In 2003, NovaUCD, a Euro Innovation and Technology Transfer Centre opened.[47][48] In 2004, Hugh Brady was appointed president.[27][49] In 2006, UCD Horizons begins. In 2009, Trinity and UCD announce the Innovation Alliance. In 2010, NCAD and UCD form an academic alliance. In 2012 the expanded Student and Sports Centre opened. In 2012, the college closed the athletics track and field facilities and students demanded an apology.[50] In 2013, the UCD O'Brien Centre for Science opened and the UCD Sutherland School of Law opened.[51] It is now the largest Common Law law school in the European Union. In 2015, UCD opened a global centre in the US.[52] In 2019, UCD became the first Irish university to launch a Black Studies module, coordinated by Dr Ebun Joseph and Prof Kathleen Lynch.[53] In March 2022 Prof Andrew Deeks resigned to take up the role of vice-Chancellor at Murdoch University, in Perth, Western Australia.[54] Prof Mark Rogers was appointed acting president.[55]


Colleges and schoolsEdit

Health Sciences building, Belfield campus, UCD.
Michael Smurfit Graduate School of Business, Blackrock
UCD Quinn School of Business

UCD consists of six colleges, their associated schools (37 in total)[56] and multiple research institutes and centres.[57] Each college also has its own Graduate School, for postgraduates.

List of colleges and their respective schools following restructuring in September 2015.[58]

UCD College of Arts and Humanities
UCD School of Art History and Cultural Policy
UCD School of Classics
UCD School of English, Drama and Film
UCD School of History and Archives
UCD School of Irish, Celtic Studies and Folklore
UCD School of Languages, Cultures and Linguistics
UCD School of Music
UCD College of Business
UCD School of Business
UCD Lochlann Quinn School of Business
UCD Michael Smurfit Graduate School of Business
UCD College of Engineering and Architecture
UCD School of Architecture, Planning and Environmental Policy
UCD School of Biosystems and Food Engineering
UCD School of Chemical and Bioprocess Engineering
UCD School of Civil Engineering
UCD School of Electrical and Electronic Engineering
UCD School of Mechanical and Materials Engineering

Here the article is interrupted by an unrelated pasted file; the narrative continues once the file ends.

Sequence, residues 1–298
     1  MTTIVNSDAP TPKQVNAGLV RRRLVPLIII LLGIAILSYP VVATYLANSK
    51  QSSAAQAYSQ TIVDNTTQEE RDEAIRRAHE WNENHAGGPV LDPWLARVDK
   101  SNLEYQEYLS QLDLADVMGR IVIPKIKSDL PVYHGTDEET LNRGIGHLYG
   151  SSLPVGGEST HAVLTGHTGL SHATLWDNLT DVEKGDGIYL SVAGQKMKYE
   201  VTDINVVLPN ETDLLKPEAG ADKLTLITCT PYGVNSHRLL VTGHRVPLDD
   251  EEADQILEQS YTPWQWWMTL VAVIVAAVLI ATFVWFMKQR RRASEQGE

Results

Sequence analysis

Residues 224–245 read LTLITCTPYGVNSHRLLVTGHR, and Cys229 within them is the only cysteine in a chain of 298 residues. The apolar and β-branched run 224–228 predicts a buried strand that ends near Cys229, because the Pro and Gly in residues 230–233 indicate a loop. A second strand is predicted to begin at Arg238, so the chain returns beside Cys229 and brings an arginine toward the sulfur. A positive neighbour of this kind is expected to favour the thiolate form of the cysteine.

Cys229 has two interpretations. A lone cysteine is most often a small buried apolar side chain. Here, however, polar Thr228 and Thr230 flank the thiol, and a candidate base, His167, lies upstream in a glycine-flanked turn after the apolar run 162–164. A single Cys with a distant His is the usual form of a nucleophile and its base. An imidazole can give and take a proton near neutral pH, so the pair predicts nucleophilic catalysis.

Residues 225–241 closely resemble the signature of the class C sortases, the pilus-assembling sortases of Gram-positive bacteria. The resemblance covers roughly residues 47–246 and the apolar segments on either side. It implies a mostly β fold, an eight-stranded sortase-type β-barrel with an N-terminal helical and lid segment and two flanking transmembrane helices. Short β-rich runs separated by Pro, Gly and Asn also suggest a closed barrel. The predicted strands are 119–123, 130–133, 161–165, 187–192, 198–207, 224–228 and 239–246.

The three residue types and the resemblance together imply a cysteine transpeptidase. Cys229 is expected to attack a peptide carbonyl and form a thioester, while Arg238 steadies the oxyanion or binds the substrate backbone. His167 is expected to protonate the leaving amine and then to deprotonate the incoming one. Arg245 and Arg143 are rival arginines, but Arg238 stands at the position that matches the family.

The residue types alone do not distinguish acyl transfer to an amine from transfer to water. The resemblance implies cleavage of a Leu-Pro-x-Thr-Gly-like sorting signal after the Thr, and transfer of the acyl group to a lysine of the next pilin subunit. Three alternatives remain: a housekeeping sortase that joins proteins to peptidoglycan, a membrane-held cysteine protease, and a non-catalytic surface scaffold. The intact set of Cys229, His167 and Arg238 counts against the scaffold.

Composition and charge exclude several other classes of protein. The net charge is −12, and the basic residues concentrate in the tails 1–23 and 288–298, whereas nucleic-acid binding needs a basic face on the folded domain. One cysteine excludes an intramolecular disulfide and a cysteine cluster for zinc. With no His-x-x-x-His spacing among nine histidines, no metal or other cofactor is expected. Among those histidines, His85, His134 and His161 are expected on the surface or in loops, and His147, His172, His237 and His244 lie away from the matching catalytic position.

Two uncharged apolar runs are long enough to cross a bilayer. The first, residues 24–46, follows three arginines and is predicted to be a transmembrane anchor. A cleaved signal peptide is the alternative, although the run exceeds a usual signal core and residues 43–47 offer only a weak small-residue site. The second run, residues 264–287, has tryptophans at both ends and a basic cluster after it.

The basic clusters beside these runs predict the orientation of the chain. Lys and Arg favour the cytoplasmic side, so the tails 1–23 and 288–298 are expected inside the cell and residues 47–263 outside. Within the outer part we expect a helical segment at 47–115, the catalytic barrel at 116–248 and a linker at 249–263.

UCD College of Health and Agricultural Sciences
UCD School of Agriculture and Food Science
UCD School of Medicine
UCD School of Nursing, Midwifery and Health Systems
UCD School of Public Health, Physiotherapy and Sports Science
UCD School of Veterinary Medicine
UCD College of Social Sciences and Law
UCD School of Archaeology
UCD School of Economics
UCD School of Education
UCD School of Geography
UCD School of Information and Communication Studies
UCD School of Law
UCD School of Philosophy
UCD School of Politics and International Relations
UCD School of Psychology
UCD School of Social Policy, Social Work and Social Justice
UCD School of Sociology
UCD College of Science
UCD School of Biology and Environmental Science
UCD School of Biomolecular and Biomedical Science
UCD School of Chemistry
UCD School of Computer Science
UCD School of Earth Sciences
UCD School of Mathematics and Statistics
UCD School of Physics

UCD College of BusinessEdit

The UCD College of Business is made up of the Quinn School of Business, the Michael Smurfit Graduate Business School, and UCD Business International Campus.[59] The former constituent school, the UCD Quinn School of Business (commonly The Quinn School), is the building in which the UCD College of Business's undergraduate programme is based. It is located in a three-story building on the Belfield campus and is named after Lochlann Quinn, one of the main financial contributors to the school. Other donors included Bank of Ireland, AIB, Irish Life & Permanent, Accenture, KPMG, PwC, Dunnes Stores and Ernst & Young.[60] When first opened in 2002, it claimed to be the only business school in Europe with a specific focus on technology and e-learning.[60]

UCD HorizonsEdit

At the beginning of the 2005/2006 academic year, UCD introduced the Horizons curriculum,[61] which completely semesterised and modularised all undergraduate courses. Under the new curriculum, students choose ten core modules from their specific subject area and two other modules, which can be chosen from any other programme at the university.